“Whether it’s community banks or the coal industry or construction, it was pretty universal that the regulatory structure had become a deterrent to growth,” Moore says. “That had an impact on Trump’s thinking to prioritize deregulation if he got into office.”
The council’s influence on Trump was immediate. The word “regulation” hadn’t appeared once in his 2015 announcement speech, but in the summer of 2016, slashing regulations became one of Trump’s new rallying cries on the campaign trail. He called regulation “one of the greatest job killers of them all” and claimed excessive red tape cost the country $2 trillion a year — a figure produced by the National Association of Manufacturers. If elected, he went on to say, he would do away with 70 percent of all federal regulations. He was especially critical of the EPA and called for “complete American energy independence,” a favorite Hamm talking point.
The council met again at the Cleveland Browns’ football stadium, during the Republican Convention in July 2016, and went on to produce a series of issue-focused white papers on energy, taxes and banking, according to Moore. “They were blueprints for a lot of Trump’s agenda,” Moore says. “Those issues were highly discussed, and Trump ended up using a lot of that data for his whole agenda.” (Moore declined to share the documents.)
If joining the Leadership Council was a gamble, the executives saw their early bet on Trump pay off handsomely. (The White House declined to comment.) DiMicco, the former steel executive and longtime China critic, was put in charge of the transition team for the U.S. Trade Representative and later named to a trade advisory board by Trump. Rep. Tom Price (R-Ga.), who at the council’s first meeting had led a discussion about how to replace Obamacare, was picked to be secretary of the Department of Health and Human Services (and was later forced out over a spending scandal). Dr. Mark Esper, a vice president at defense contractor Raytheon, was named secretary of the Army in 2017. “It’s the best time that we’ve ever seen for the defense industry,” Raytheon CEO Thomas Kennedy gushed last year. (At the president’s urging, Congress increased the military’s already-bloated budget, and Trump has sped up the process for approving arms deals.) And Trump publicly weighed nominating Stephen Moore to the Federal Reserve Board this spring, but the idea was dropped after even Senate Republicans scoffed at Moore’s record.
DiMicco saw his pro-tariff position elevated inside the White House with the appointment of an ally named Peter Navarro. Navarro had written books critical of U.S. trade policy with China and received funding from DiMicco’s company, Nucor, for a documentary titled Death by China. After an internal battle pitting Navarro, DiMicco and the self-described America Firsters against National Economic Council director and former Goldman Sachs banker Gary Cohn and his allies, the America Firsters prevailed. In March 2018, Trump officially imposed nearly $3 billion in tariffs on steel and aluminum imports, and has been escalating the trade war ever since. As of June, Trump had approved tariffs on $250 billion of Chinese exports to the U.S. “It’s unprecedented,” says David Dollar, a senior fellow at the Brookings Institution. “This is, in modern times, quite extraordinary. It’s been decades since the U.S. has done anything like this.”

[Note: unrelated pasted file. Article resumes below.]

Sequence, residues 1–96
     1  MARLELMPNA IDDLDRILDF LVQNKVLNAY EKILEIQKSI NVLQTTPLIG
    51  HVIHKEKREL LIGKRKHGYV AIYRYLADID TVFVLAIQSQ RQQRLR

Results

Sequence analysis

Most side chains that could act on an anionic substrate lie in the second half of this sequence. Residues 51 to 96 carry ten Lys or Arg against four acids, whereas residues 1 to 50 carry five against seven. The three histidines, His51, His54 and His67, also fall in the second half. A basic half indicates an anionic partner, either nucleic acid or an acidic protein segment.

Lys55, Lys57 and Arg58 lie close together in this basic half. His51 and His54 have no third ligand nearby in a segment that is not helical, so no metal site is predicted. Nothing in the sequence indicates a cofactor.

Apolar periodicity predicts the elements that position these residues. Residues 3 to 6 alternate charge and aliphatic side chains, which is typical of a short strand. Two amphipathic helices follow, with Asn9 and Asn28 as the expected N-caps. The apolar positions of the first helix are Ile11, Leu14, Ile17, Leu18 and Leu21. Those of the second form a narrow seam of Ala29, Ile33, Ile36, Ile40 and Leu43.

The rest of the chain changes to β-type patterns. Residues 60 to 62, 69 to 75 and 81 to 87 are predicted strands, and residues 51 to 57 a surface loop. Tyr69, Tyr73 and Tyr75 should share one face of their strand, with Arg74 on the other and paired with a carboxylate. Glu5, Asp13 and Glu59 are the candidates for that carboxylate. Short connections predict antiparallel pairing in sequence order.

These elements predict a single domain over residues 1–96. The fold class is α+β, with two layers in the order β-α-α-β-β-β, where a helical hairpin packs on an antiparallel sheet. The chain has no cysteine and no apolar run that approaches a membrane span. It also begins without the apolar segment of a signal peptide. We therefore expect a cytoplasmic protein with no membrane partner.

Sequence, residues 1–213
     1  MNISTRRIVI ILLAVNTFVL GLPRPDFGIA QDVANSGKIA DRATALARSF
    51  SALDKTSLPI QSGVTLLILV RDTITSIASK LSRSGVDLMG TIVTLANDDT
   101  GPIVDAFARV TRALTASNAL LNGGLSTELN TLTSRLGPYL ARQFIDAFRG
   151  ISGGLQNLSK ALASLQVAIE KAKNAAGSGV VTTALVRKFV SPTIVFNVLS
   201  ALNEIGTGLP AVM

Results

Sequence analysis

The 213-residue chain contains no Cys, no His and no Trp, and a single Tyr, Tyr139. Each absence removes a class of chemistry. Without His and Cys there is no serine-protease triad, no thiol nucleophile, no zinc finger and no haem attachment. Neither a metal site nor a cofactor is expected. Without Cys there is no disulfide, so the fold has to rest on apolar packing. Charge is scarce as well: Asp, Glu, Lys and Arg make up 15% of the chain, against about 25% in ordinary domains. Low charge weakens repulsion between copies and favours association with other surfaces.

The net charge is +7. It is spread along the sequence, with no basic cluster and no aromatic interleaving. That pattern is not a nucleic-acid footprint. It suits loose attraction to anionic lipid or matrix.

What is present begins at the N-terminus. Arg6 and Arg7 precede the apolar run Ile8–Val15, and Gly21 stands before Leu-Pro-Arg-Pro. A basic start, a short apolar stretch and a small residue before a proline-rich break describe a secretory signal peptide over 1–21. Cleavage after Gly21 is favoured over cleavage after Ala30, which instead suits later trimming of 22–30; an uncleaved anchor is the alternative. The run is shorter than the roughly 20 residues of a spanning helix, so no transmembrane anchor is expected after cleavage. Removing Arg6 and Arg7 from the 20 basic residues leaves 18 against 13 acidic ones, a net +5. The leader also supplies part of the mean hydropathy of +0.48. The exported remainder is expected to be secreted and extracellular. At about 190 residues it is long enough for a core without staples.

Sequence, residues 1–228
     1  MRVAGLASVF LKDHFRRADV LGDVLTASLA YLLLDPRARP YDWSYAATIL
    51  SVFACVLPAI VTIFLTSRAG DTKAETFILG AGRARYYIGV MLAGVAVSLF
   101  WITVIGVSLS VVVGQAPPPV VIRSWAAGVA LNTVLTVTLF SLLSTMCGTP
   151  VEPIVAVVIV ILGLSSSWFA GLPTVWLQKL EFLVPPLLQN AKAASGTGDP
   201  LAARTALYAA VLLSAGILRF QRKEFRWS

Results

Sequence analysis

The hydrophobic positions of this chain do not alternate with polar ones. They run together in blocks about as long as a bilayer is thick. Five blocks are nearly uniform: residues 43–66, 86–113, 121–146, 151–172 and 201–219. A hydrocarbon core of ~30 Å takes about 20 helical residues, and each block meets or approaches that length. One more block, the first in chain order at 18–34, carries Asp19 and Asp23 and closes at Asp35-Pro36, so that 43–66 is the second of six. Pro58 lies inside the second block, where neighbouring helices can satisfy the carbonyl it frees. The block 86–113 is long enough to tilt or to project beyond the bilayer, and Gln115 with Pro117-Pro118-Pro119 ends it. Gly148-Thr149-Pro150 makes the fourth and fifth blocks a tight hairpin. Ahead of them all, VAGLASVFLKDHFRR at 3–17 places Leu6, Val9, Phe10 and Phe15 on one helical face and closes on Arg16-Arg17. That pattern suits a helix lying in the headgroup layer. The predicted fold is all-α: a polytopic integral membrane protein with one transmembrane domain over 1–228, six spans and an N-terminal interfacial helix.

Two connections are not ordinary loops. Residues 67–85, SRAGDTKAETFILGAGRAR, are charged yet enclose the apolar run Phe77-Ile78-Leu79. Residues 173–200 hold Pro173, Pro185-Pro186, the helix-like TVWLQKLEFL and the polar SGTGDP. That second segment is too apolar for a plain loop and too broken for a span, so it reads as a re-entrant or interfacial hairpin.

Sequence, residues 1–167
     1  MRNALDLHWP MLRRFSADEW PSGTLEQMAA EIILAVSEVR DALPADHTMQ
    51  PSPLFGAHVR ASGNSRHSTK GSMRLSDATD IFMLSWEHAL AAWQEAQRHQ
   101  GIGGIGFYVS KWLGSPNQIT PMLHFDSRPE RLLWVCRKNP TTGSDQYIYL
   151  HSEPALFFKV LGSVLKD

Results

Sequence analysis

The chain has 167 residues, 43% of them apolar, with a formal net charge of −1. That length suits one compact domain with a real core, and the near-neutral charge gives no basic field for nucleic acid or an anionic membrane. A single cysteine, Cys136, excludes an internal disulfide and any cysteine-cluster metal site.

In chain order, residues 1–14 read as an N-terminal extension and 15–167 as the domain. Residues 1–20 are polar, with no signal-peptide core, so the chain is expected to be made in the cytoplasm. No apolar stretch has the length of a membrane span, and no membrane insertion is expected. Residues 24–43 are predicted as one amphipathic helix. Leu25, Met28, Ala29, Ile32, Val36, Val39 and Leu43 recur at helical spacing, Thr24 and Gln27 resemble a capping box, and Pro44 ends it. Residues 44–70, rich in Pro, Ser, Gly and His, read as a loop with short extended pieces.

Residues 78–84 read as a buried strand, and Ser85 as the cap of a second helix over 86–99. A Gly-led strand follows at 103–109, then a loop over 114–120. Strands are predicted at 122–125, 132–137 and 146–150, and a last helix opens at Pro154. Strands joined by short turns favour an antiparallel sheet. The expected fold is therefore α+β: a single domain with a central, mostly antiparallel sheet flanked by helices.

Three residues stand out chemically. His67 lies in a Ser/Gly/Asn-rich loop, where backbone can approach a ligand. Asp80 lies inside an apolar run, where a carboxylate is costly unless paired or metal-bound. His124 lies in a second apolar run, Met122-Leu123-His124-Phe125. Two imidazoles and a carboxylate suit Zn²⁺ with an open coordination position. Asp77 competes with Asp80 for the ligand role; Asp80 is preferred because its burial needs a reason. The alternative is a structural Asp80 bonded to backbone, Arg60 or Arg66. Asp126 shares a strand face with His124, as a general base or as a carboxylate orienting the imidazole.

But probably no industry got a president friendlier to its cause than fossil fuels. Trump’s first EPA director, Pruitt, was more than willing to do the industry’s bidding; while Oklahoma AG, he once copied-and-pasted a document written by Devon Energy onto his official letterhead and sent it to the EPA (which he sued more than a dozen times).
Craft, of Alliance Resources, met with Pruitt at least seven times during Pruitt’s first 14 months at the EPA, according to official calendars. Pruitt even traveled to Craft’s hometown of Hazard, Kentucky, to announce his plan to gut Obama’s Clean Power Plan, which would phase out the use of coal. Bob Murray of Murray Energy submitted to the administration a 16-point “action plan” on company letterhead to revive the coal industry; within a year, Trump officials had moved to implement more than half of them, including killing the Clean Power Plan and withdrawing from the Paris Agreement. EPA head Andrew Wheeler, Pruitt’s replacement and a former lobbyist for Murray Energy, has moved forward with weakening methane-emissions protections, mercury regulations and fuel-efficiency standards for cars. “They have attacked safeguards anchored in science that protect collectively tens of thousands of lives and prevent hundreds of thousands of asthma attacks,” says Vickie Patton, general counsel at Environmental Defense Fund, “and they’ve done it at the urging of the economic interests of the few.”
The Trump Leadership Council eventually went the way of most advisory boards, members told me, atrophying and going dormant as the new administration found its footing, but not before members and their companies gave just over $3 million to Trump’s inauguration. By late 2017, the council was rebranded the American Leadership Council, with Hamm as chairman and his oil-and-gas colleague John McNabb as vice chair, to pressure Congress to deliver on Trump’s America First agenda.